guess is right, the guesser wins one; if wrong, he loses one. The boy to
whom I allude won all the marbles of the school. Of course he had some
principle of guessing; and this lay in mere observation and admeasurement
of the astuteness of his opponents. For example, an arrant simpleton is
his opponent, and, holding up his closed hand, asks, 'are they even or
odd?' Our schoolboy replies, 'odd,' and loses; but upon the second trial
he wins, for he then says to himself, 'the simpleton had them even upon
the first trial, and his amount of cunning is just sufficient to make him
have them odd upon the second; I will therefore
guess odd;' — he guesses odd, and wins. Now, with a simpleton a degree
above the first, he would have reasoned thus: 'This fellow finds that in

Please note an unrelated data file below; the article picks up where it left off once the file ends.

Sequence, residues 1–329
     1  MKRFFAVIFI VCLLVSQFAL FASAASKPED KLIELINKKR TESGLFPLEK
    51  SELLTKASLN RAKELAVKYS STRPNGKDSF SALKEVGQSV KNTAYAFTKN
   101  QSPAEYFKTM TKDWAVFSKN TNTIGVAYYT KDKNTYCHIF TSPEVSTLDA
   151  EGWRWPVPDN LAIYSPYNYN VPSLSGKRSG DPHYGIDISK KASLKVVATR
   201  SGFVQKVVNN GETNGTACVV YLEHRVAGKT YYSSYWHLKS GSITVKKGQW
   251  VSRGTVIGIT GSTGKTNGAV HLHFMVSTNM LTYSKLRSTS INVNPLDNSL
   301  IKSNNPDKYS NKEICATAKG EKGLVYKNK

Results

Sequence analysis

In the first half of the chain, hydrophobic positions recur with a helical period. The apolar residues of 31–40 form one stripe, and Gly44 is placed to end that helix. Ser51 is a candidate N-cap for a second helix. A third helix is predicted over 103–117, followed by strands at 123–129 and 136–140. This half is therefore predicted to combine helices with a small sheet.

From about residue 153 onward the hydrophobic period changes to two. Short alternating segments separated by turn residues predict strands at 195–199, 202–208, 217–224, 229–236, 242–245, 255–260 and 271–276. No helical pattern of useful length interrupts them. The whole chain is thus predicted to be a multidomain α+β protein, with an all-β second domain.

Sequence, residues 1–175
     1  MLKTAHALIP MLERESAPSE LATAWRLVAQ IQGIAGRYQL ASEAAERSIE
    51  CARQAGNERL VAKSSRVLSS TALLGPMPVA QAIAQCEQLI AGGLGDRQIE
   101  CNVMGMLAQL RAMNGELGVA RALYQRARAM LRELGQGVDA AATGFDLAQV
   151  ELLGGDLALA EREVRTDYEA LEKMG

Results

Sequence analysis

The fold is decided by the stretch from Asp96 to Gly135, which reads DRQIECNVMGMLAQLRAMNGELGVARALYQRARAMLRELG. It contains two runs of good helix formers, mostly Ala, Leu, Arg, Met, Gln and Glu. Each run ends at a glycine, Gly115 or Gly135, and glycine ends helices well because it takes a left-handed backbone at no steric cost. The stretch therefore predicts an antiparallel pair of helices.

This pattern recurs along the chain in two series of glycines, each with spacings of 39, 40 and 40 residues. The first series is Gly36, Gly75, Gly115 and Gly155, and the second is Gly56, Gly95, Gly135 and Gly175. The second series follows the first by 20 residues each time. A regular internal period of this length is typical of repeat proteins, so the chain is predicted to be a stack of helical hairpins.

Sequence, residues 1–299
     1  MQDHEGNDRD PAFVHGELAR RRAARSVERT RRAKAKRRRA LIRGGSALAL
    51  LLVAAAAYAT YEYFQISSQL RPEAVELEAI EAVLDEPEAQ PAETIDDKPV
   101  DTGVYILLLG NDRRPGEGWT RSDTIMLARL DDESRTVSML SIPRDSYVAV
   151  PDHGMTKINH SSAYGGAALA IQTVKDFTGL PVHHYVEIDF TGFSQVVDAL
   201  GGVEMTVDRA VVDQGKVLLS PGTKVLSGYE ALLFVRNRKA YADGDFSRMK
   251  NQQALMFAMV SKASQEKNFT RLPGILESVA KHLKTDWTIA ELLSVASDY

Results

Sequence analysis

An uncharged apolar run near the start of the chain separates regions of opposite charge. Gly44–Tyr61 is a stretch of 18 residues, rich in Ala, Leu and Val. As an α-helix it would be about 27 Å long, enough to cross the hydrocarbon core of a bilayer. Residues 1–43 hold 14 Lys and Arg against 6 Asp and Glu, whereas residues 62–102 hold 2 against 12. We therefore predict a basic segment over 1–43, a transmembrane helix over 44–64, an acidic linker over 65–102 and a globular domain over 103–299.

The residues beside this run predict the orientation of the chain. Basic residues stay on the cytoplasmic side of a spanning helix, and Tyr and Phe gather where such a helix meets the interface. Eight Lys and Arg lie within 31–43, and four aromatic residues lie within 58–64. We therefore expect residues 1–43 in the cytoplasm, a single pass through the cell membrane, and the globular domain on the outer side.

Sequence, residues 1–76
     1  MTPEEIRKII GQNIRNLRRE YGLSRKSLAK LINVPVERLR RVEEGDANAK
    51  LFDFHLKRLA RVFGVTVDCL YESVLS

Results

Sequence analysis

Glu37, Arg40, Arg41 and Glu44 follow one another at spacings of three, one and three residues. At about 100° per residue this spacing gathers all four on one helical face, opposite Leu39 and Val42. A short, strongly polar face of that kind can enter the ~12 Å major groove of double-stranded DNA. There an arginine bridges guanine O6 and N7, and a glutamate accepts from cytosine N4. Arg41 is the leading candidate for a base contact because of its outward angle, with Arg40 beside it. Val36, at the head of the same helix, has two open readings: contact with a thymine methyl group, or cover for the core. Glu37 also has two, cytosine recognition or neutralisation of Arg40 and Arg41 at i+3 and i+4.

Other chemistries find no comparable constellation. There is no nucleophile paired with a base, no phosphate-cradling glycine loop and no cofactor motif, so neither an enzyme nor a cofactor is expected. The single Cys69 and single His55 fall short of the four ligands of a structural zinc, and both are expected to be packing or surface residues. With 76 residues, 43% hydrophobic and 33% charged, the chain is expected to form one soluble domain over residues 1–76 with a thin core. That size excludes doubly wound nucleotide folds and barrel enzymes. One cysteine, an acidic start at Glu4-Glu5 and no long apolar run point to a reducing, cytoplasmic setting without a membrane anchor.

the first instance I guessed odd, and, in the second, he will propose to
himself, upon the first impulse, a simple variation from even to odd, as
did the first simpleton; but then a second thought will suggest that this
is too simple a variation, and finally he will decide upon putting it even
as before. I will therefore guess even;' — he guesses even, and wins. Now
this mode of reasoning in the schoolboy, whom his fellows termed 'lucky,'
— what, in its last analysis, is it?"
"It is merely," I said, "an identification of the
reasoner's intellect with that of his opponent."
"It is," said Dupin; "and, upon inquiring of the
boy by what means he effected the thorough identification in which
his success consisted, I received answer as follows: 'When I wish to find
out how wise, or how stupid, or how good, or how wicked is any one, or
what are his thoughts at the moment, I fashion the expression of my face,
as accurately as possible, in accordance with the expression of his, and
then wait to see what thoughts or sentiments arise in my mind or heart,
as if to match or correspond with the expression.' This response of the